• katesolisti

Help For Your Elder Cat


Our sweet Simon lived to be 15, which isn't that old by my count, BUT he had survived with Autoimmune Hemolytic Anemia for 14 years! That is unprecedented as far as I know.


How did he live that long? It was a combination of a balanced species appropriate diet based in raw muscle meat, organs and other nutrients, specific supplements, targeted medicine, lots of LOVE and a passion for his purpose.


What do you need to do for your cat who is seven (middle aged) and older?


1) Talk to him a few times a year to find out how he's feeling and what he needs. Doing an Animal Communication session with me will help him express what he's feeling as well as allow me to provide an energetic scan of his body to find out if something needs extra attention.


2) Follow up with your vet for blood work and a check up. If the vet recommends any meds or "prescription" diets, do your homework to find out what potential side-effects there are. There are almost always safe, natural supplements that can help address the issue(s). A Holistic vet will recommend these first (as will I). Medicine absolutely has it's place, as it did for Simon, however, you need to be sure it's necessary and targeted appropriately, as well as supported by diet and natural remedies.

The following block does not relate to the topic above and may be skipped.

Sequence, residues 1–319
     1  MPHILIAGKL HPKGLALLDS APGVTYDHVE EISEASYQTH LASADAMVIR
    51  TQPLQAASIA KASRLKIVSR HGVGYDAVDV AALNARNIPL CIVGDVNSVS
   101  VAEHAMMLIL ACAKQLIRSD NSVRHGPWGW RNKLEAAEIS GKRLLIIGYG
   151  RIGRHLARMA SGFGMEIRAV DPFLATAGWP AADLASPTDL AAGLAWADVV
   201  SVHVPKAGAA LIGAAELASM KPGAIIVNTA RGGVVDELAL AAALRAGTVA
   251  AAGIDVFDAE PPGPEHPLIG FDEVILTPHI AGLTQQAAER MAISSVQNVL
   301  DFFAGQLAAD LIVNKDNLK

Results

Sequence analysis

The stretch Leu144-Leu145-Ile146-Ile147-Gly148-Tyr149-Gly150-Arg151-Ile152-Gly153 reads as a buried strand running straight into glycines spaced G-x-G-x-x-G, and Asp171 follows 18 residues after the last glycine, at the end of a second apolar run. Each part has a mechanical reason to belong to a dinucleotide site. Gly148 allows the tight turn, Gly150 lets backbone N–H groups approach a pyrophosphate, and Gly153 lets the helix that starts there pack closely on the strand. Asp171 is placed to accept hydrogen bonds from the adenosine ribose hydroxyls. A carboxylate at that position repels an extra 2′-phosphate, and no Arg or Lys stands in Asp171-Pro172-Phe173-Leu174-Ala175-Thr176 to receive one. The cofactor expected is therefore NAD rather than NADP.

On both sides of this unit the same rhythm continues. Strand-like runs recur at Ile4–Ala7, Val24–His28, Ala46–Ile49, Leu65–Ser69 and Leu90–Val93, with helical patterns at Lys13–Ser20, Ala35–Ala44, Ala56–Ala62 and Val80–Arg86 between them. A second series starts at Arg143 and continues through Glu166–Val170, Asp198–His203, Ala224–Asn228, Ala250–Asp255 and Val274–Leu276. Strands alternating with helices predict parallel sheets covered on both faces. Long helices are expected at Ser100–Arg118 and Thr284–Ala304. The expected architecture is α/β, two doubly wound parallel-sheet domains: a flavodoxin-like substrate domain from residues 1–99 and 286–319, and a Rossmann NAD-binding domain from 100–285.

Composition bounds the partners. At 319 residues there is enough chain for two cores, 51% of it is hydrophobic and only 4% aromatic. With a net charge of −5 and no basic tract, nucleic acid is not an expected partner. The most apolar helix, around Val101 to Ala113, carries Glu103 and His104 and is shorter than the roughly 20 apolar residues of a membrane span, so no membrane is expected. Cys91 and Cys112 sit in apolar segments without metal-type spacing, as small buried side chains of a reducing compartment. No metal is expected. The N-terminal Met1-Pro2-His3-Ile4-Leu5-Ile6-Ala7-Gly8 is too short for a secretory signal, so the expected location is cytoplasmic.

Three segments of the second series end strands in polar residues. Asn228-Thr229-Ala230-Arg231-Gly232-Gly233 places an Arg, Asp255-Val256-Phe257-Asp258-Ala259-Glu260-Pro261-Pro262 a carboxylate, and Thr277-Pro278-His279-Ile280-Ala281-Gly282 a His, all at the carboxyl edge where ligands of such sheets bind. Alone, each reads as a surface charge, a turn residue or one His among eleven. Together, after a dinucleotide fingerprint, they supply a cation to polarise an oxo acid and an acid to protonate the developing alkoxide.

3) Diet. An easily digested/absorbed, protein-based WET food is essential. Cats are designed to get all their moisture from their food, so raw, lightly cooked and human-grade canned foods (poultry, rabbit, beef or venison, no fish) are ALWAYS better than any dry food. Quality is essential. Elderly animals, just like people, need more quality protein, not less. READ the INGREDIENTS. Avoid all grains, especially corn, wheat, soy, all glutens, brewers rice, hulls, legumes...Again, get guidance from me or your holistic vet for help creating the healthiest meal plan for you cat.


4) Exercise, safety, appropriate interaction. Elderly kitties still need exercise for the body and brain. Chasing lasers, strings, balls, whatever is fun. Be sure to create a safe, quiet place your cat can easily get to as a retreat when the house gets too loud or busy. As for appropriate interaction, monitor how younger animals, dogs and kids are interacting with your elder. Are they being gentle? Is your cat enjoying them or doing everything to get away. Respect her feelings and referee each situation.


5) Enjoy your beloved. Cats have told me so many times, "Please tell my person to stop worrying about the future, and just be fully present with me right now." Celebrate the present moments together.


With these tips and lots of love, your elderly cat will live a happy, healthy life. To check in with her, Click here or here. To get help with transitions, click here.


With Love, Your Voice of Animals,

Kate

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